Puppy training means you are working with your pup every day and learning who he is as an individual dog. He has a unique personality and you are learning how he might react in different situations. Working with him helps you recognize behavioral issues that may start to show as he grows older, and you can correct them before they become a problem. Catching bad behavior while a dog is still young is much easier to correct. Teaching him it's not okay to bite can save your fingers or toes and stop an excited puppy from hurting someone in the family.

All puppies should be taught basic commands. They should come when called and understand what “NO” means. Training sessions should be short, because a pup doesn't have a long attention span. Make it fun so he thinks it's a game. Puppies are just like adult dogs. They want to please their human and can learn just as well as an adult. Knowing what you mean when you command him to sit, stay, drop it and come are all basic commands that could save his life one day. Positive reinforcement techniques that allow the puppy to succeed helps give him confidence and he grows up with good feelings about himself and you.

Training a puppy requires patience and commitment. Puppy training is important and you might as well begin now because he's learning every day. Make sure he's learning what you want him to learn, and enjoy the eight stages of puppyhood.

Read more articles by Linda Cole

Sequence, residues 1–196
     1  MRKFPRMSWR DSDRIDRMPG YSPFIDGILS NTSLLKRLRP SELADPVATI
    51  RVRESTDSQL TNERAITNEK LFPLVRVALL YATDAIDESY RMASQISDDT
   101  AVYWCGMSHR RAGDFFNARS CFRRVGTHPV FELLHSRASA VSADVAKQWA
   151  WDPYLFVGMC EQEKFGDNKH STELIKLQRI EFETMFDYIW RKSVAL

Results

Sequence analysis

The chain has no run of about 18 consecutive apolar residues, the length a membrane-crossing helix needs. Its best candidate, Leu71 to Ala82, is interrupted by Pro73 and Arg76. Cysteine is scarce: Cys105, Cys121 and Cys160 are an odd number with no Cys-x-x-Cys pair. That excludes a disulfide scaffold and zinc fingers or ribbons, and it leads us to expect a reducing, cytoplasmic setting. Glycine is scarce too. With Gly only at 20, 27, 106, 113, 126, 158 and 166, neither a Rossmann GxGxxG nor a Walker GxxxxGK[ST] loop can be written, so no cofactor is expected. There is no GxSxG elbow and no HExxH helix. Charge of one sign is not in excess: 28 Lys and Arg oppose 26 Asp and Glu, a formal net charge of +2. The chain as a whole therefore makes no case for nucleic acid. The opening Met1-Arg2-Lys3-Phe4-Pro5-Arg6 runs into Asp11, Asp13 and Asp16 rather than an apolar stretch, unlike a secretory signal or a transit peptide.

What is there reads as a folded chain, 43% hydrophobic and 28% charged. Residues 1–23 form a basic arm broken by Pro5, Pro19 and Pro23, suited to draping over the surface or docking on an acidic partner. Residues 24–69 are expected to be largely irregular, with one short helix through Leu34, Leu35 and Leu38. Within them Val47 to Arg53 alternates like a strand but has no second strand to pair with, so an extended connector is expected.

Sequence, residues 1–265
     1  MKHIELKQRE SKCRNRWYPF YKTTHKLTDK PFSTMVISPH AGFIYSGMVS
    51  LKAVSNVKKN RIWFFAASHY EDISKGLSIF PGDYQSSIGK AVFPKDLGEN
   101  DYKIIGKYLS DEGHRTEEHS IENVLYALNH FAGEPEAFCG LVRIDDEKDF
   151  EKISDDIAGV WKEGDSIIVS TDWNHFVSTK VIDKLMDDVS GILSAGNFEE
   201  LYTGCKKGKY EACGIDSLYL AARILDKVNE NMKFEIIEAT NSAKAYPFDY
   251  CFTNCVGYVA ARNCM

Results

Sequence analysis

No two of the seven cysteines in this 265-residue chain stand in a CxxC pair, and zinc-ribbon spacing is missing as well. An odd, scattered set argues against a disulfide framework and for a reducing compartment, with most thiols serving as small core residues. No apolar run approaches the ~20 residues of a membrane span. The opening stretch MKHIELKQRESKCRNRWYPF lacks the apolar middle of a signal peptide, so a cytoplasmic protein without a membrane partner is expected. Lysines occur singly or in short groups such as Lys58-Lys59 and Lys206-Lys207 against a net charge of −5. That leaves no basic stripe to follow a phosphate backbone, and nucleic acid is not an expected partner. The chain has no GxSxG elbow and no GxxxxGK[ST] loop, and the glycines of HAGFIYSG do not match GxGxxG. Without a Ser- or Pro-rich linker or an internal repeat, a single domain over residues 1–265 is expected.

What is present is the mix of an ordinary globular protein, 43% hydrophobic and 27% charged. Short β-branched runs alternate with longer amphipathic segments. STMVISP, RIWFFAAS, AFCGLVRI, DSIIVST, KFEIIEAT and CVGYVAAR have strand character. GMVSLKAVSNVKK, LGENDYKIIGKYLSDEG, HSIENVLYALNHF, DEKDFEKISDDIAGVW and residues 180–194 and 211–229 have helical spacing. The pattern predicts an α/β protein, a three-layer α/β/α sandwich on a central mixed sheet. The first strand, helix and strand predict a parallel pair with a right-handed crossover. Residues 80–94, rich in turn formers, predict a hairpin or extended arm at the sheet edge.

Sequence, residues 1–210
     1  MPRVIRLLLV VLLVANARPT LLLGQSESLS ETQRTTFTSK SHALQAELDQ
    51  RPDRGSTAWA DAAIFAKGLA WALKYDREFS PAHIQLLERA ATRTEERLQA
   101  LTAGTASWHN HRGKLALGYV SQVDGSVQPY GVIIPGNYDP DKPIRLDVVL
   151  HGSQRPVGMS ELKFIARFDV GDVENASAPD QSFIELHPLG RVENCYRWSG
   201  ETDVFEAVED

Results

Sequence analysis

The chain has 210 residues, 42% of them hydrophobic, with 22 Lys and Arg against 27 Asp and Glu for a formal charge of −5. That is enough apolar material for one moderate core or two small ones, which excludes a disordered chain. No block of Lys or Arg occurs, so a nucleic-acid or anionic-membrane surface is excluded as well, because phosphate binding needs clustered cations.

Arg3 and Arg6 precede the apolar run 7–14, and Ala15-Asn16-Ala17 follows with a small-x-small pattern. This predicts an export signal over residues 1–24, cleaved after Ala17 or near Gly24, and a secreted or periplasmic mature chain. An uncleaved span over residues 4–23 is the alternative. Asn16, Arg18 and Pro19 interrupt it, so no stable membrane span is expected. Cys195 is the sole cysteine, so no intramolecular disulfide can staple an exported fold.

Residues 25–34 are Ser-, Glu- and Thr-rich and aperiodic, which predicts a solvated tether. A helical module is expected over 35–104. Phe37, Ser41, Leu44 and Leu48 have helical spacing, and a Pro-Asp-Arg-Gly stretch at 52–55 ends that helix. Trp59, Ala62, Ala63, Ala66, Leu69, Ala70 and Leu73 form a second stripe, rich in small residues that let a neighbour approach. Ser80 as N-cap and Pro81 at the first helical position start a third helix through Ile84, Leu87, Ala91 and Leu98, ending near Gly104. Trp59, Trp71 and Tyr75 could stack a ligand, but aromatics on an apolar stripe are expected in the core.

1. I just read the article on dog bites where the person sending in the picture got bite while putting a rescue GSD on their side. I have little expertise with dogs much less GSD's. I have a 15 month old GSD who is on the large size and very powerful. What teaching I do with him is what I am picking up at the local Schutzhund club. Ever since he was an 8 week old puppy we do "inspection" which means lay down and roll over at what time I look over his belly and groin area for ticks (we live in the country and when he is out of the house he has access to tall grass etc.). As he has grown older some times he will bite on my arm during this inspection process. He will hold my arm with light pressure until I tell him no bite at which time he will let go. I complete the inspection or it may be that the inspection is done around the time he grabs my arm and I stop the inspection when he lets go. I pat him as I give him his release word and we are done. My question is, maybe I should not be doing this Alpha Roll thing. This is the first time I have heard such and don't want to take a chance on getting bite for something maybe I should not be doing. What do you think?

  2. Hello,